The current funding allocation method for highways does not help ‘shire# counties, as it means the money is spread too thin, according to Jack Wiltshire, Head of Highways at Dorset Council.
He told his councillors last week that with the low funding spread over a relatively lengthy road network Dorset Council struggled to make improvements to its road infrastructure.
“We don’t get funding per kilometre, which is not favourable to us… we have a relatively long network and can do very little in terms of investment in the network with the Department for Transport funding because its, proportionately, so small,” he said.
“The formula does not help a Shire county and its very difficult to invest that money in things like road safety measures when it is spread so thinly.”
Dorset is third from bottom in the national ‘league table’ for its funding, reports Planet Radio.
It gets just under £2million a year from the Government for road improvements, including safety measures, for its 4,000km of road – compared to £3m for neighbouring Bournemouth, Christchurch and Poole which only has 800kms.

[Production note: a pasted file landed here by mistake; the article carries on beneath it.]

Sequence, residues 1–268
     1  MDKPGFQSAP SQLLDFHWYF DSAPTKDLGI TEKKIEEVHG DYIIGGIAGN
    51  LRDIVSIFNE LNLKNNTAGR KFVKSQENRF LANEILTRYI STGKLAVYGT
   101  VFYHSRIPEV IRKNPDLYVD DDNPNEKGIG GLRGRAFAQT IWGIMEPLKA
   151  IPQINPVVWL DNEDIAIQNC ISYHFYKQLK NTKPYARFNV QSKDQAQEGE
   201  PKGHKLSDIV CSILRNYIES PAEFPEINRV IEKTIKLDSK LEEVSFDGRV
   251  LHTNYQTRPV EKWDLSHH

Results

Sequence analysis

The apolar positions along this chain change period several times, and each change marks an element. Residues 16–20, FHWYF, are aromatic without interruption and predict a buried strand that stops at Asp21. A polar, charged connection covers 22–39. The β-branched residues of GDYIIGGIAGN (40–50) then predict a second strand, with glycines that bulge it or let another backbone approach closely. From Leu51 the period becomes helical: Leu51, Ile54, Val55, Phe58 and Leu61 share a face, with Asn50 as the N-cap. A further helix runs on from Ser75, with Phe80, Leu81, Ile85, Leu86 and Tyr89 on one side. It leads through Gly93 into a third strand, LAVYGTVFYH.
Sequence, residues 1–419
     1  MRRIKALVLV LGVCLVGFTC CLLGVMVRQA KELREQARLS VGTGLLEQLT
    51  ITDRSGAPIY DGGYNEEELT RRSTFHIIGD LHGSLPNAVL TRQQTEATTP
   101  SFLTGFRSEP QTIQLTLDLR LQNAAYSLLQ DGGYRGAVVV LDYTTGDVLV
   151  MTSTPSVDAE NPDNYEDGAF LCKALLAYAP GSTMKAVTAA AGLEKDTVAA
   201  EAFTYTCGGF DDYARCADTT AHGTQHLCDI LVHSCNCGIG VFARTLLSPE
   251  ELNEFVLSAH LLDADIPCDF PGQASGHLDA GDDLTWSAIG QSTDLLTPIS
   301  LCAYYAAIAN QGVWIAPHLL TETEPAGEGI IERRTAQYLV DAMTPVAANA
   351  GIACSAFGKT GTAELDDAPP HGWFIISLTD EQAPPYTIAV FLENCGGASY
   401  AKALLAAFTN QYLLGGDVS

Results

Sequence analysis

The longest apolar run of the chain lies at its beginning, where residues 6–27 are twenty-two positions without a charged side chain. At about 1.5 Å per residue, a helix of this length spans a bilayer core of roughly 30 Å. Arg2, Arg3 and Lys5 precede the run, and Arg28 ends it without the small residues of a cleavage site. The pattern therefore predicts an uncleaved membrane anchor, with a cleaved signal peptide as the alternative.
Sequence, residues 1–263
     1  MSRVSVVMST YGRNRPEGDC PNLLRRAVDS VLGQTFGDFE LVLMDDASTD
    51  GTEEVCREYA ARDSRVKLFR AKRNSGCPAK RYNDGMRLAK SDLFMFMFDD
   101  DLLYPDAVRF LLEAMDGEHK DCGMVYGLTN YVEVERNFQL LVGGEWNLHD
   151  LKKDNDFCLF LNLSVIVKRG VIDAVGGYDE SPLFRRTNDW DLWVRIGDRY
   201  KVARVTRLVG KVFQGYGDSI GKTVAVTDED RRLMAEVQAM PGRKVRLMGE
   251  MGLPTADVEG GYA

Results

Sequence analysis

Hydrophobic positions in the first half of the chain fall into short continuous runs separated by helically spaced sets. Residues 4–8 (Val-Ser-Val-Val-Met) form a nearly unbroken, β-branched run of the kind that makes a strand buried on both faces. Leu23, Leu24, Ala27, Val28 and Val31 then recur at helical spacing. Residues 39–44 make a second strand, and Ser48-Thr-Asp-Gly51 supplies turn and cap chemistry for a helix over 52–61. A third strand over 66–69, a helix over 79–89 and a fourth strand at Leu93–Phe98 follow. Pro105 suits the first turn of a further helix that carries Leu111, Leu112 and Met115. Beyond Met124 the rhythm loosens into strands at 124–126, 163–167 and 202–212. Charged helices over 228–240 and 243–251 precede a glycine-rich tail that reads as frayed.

The Place and Resources scrutiny committee heard that the situation had been made worse because the funding from Government to rural Dorset had not increased since 2015/16.
Highways and climate portfolio holder Cllr Ray Bryan said that while the grant had, effectively, gone down, material costs had been increasing by 30 per cent.
“We are having conversations with the Department for Transport and I am speaking to our MPs to get our voice heard in Parliament about the unfair treatment of Dorset,” he said.
Parallels have also been drawn between bus funding from the Government – with the BCP council area receiving £9million last year to improve services with rural Dorset receiving nothing.
The committee heard that use of buses in Dorset had dropped by 30per cent from baseline figures in 2019, the useage made worse during Covid.
On a more positive note the committee heard that road casualties in the county had nearly halved since 2021 and the number killed and seriously injured was down by 32per cent. Cycling trips have also increased since 2021 – up by 21 per cent in Weymouth and by similar amounts where cycleways have been introduced at Ham Lane, Ferndown and Leigh Road, Wimborne.
A total of 2,942 electric vehicles were registered in Dorset by the end of 2021.